However, the Reaper's Multispectral Targeting System (MTS) has proven to be usable for tracking some types of flying targets. In 2016, the latest version of MTS, the MTS-C, successfully tracked missile launches in a test conducted by the Missile Defense Agency. The MTS-C added long-wave infrared to the short and medium infrared wavelength sensors used in previous versions, allowing the sensor to track "cold body" objects.

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Remember when Apple's FaceTime stopped working years ago? Yeah, that was deliberate

The Register - September 20, 2018 - 8:55pm
Class-action lawsuit over iOS 6 snafu allowed to move ahead

Apple is accused of deliberately shafting people who didn't upgrade their iPhones and iOS, in a class action lawsuit over its FaceTime video-conferencing software.…

Ralph Breaks the Internet tackles modern online life - CNET - News - September 20, 2018 - 8:49pm
A behind-the-scenes look at just how Ralph and Vanellope head to the big (internet) city.

Amazon's Echo devices get redesign on the way to world domination - CNET - News - September 20, 2018 - 8:49pm
An Alexa-powered microwave and wall clock were just the tip of the Alexa iceberg today.

Nissan issues an ABS pump recall for 215,000 cars and SUVs - Roadshow - News - September 20, 2018 - 8:48pm
The affected pump can leak brake fluid onto a circuit board and cause a fire.

Google warns US senators of foreign hackers targeting their Gmail accounts - CNET - News - September 20, 2018 - 8:45pm
The warnings are likely to add to Google’s tough times in Washington.

Amazon's microwave works with Alexa, automatically reorders popcorn - CNET - News - September 20, 2018 - 8:39pm
"Alexa, heat up my Hot Pocket."

Big nutrition research scandal sees 6 more retractions, purging popular diet tips

Ars Technica - September 20, 2018 - 8:39pm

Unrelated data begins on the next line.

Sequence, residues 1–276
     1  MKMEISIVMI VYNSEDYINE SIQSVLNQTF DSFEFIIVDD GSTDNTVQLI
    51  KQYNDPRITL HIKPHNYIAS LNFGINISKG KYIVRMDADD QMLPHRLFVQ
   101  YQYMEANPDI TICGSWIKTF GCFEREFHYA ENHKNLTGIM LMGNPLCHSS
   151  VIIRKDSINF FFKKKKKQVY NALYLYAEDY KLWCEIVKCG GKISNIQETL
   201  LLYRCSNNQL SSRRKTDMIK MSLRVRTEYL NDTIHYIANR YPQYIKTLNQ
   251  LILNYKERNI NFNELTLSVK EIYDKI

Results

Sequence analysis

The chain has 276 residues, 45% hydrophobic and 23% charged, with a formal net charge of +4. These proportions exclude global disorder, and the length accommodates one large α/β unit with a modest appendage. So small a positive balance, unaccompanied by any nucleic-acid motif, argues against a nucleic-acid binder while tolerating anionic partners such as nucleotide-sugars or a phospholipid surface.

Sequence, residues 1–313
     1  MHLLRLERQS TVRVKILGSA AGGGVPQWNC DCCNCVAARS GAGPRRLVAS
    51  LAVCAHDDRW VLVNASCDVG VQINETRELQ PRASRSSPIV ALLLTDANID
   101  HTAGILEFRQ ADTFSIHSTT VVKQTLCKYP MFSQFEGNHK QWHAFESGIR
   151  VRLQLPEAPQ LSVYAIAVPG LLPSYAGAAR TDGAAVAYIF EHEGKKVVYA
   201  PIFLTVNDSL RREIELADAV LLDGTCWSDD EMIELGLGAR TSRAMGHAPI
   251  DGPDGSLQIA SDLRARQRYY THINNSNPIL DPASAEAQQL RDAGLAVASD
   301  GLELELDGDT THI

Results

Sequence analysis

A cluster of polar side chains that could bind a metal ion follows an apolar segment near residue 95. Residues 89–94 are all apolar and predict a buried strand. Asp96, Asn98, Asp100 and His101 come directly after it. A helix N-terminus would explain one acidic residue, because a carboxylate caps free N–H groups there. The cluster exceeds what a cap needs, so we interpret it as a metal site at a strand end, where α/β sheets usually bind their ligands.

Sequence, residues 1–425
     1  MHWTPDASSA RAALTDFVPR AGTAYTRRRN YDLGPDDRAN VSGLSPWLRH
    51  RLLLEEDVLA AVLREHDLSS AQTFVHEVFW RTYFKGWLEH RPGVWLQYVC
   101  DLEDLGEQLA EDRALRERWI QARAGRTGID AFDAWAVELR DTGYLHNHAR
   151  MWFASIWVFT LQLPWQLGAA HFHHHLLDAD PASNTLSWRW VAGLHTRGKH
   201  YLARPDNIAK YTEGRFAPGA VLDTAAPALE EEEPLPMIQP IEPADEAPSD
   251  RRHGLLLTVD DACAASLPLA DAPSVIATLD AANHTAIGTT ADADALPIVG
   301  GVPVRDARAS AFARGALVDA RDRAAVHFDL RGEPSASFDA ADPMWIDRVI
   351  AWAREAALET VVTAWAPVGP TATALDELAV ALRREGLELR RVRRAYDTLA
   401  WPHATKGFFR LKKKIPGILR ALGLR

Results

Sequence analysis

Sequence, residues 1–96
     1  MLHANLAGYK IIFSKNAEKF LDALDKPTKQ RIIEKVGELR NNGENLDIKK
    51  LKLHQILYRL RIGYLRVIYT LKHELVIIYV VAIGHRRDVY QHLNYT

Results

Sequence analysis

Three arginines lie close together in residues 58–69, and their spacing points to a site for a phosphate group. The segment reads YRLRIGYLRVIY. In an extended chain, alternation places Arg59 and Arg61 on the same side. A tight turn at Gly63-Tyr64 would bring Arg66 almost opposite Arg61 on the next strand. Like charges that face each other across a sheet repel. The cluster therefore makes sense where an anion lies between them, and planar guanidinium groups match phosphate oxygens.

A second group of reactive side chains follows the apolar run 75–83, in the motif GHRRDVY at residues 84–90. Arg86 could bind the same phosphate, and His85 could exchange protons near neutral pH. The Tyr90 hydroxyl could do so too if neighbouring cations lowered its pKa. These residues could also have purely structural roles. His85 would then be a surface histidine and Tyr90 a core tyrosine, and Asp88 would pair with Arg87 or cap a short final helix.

Enlarge / Broken plate with knife and fork on white background. (credit: Getty | PM Images)

Brian Wansink, the Cornell nutrition researcher who was world-renowned for his massively popular, commonsense-style dieting studies before ultimately goingdown in flames in a beefy statistics scandal, has now resigned—with a considerably slimmer publication record.

JAMA’s editorial board retracted six studies co-authored by Wansink from its network of prestigious publications on Wednesday, September 19. The latest retractions bring Wansink’s total retraction count to 13, according to a database compiled by watchdog publication Retraction Watch. Fifteen of Wansink’s other studies have also been formally corrected.

Amid this latest course in the scandal, Buzzfeed reported today that Wansink has resigned from his position at Cornell, effective at the end of the current academic year. The announcement comes a day before Cornell planned to release its findings from an internal investigation into his work.

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Amazon Echo Auto puts Alexa on your dash - Roadshow - News - September 20, 2018 - 8:34pm
The small dash-mounted device brings location-sensitive Alexa functionality to any car for just $50.

Amazon unveils new Ring Stick Up Cam for home security - CNET - News - September 20, 2018 - 8:34pm
The new camera will cost $180.